In “Stoicism as a Key to Pauline Ethics in Romans,” Runar M. Thorsteinsson argues that a basic understanding of Stoic ethics informs Paul’s moral teachings in Romans 12-15, which includes Stoic allusions and analogies that would have been recognizable to his intended readers and important in helping them to understand Paul’s message. Examples from Epictetus, Seneca, and Musonius Rufus (Paul’s Roman contemporaries) are included in Thorsteinsson’s analysis.
Niko Huttunen's “Stoic Law in Paul?” examines how Stoic ideas provide an essential background for Paul’s thinking in 1 Corinthians 7 and Romans 1. . The notion that a person’s social position should be maintained is part of a value system common in Roman Stoicism; in the passage from Corinthians, Paul appears to consider that the same conceptcan be drawn from the Torah, but that relationship remains unclear. Huttunen’s analysis of the passage from Romans shows that Paul’s incorporation of Stoic ideas coexists with Jewish covenantal nomism, and the two approaches should be considered together.
In “Jesus the Teacher and Stoic Ethics in the Gospel of Matthew,” Stanley K. Stowers proposes that the writer of the Gospel of Matthew adapted elements of Stoic thought in creating his portrayal of Jesus as a sage and a teacher of ethics. Stowers limits his discussion to a few of the most distinctive elements of the Matthean Jesus – the idea of a universal ethic based on divine law, the demand for perfection, and the concept of intentionality.
Was the Gospel of John informed in some ways by Stoic thinking? Harold W. Attridge’s “An ‘Emotional’ Jesus and Stoic Tradition” considers the descriptions of the serene and detached Jesus as traits common to the Stoic sage. The Stoics had a highly developed taxonomy of emotions, and those attributed to Jesus and his disciples would have been familiar to readers with a background in Stoicism. While the Fourth Gospel reveals a Stoic influence in the description of emotion, the means of overcoming passions and developing positive emotions is through Christ, and thus the Stoic formulations are made to bear a new meaning.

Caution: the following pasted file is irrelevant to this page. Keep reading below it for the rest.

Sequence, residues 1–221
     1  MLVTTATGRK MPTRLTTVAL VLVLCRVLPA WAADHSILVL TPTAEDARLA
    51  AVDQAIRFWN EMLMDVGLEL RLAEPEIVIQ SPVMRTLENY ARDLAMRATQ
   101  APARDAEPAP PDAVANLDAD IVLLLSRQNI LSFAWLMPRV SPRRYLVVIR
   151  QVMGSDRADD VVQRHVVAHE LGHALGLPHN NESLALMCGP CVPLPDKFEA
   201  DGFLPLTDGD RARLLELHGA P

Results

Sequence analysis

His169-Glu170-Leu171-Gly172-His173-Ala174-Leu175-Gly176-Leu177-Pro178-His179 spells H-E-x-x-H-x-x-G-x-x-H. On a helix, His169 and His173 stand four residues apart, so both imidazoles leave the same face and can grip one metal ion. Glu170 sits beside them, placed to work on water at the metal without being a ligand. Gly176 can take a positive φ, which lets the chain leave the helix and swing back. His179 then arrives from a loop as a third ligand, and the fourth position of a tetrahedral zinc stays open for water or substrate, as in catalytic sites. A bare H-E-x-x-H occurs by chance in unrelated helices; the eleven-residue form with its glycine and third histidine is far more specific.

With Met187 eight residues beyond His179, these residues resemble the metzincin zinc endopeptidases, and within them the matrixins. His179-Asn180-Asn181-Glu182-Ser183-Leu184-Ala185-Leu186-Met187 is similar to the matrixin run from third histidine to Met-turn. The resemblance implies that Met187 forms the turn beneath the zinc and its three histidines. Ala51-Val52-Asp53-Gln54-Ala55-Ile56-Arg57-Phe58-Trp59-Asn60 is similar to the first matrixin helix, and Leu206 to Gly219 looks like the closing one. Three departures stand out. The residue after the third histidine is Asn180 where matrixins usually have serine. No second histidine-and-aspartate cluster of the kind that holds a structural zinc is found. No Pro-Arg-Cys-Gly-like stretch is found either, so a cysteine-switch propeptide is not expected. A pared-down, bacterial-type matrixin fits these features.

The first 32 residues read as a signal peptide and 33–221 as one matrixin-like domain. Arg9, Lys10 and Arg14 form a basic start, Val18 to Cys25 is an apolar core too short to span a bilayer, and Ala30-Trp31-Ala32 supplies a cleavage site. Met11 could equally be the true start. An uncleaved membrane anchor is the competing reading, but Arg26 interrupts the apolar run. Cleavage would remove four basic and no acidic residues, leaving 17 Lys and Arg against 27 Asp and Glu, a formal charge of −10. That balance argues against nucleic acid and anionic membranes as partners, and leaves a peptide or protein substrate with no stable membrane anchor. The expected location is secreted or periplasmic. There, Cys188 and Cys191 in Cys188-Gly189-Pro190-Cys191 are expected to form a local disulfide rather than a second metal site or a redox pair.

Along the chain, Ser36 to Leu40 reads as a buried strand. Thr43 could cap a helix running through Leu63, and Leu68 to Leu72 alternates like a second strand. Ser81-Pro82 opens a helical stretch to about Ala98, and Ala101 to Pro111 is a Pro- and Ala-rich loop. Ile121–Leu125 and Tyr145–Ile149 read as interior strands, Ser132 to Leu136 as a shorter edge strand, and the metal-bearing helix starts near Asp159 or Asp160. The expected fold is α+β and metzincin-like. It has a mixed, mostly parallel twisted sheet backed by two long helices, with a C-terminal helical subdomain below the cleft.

The emotional Jesus in the later chapters of the Gospel of John, and the possible contrast between these emotions and the Stoic ideal of apathy, is examined by Gitte Buch-Hansen in “The Emotional Jesus: Anti-Stoicism in the Fourth Gospel?” In Origen’s reception of this Gospel, Jesus’ emotional upheavals correspond to the Stoic theory of preemotion as described by Seneca. Lamentations that represented common human interest and a concern with virtue were hallmarks of the philosophy of emotions developed by Philo (who was himself influenced by Stoicism). The same ideas are also found in Paul’s second letter to the Corinthians.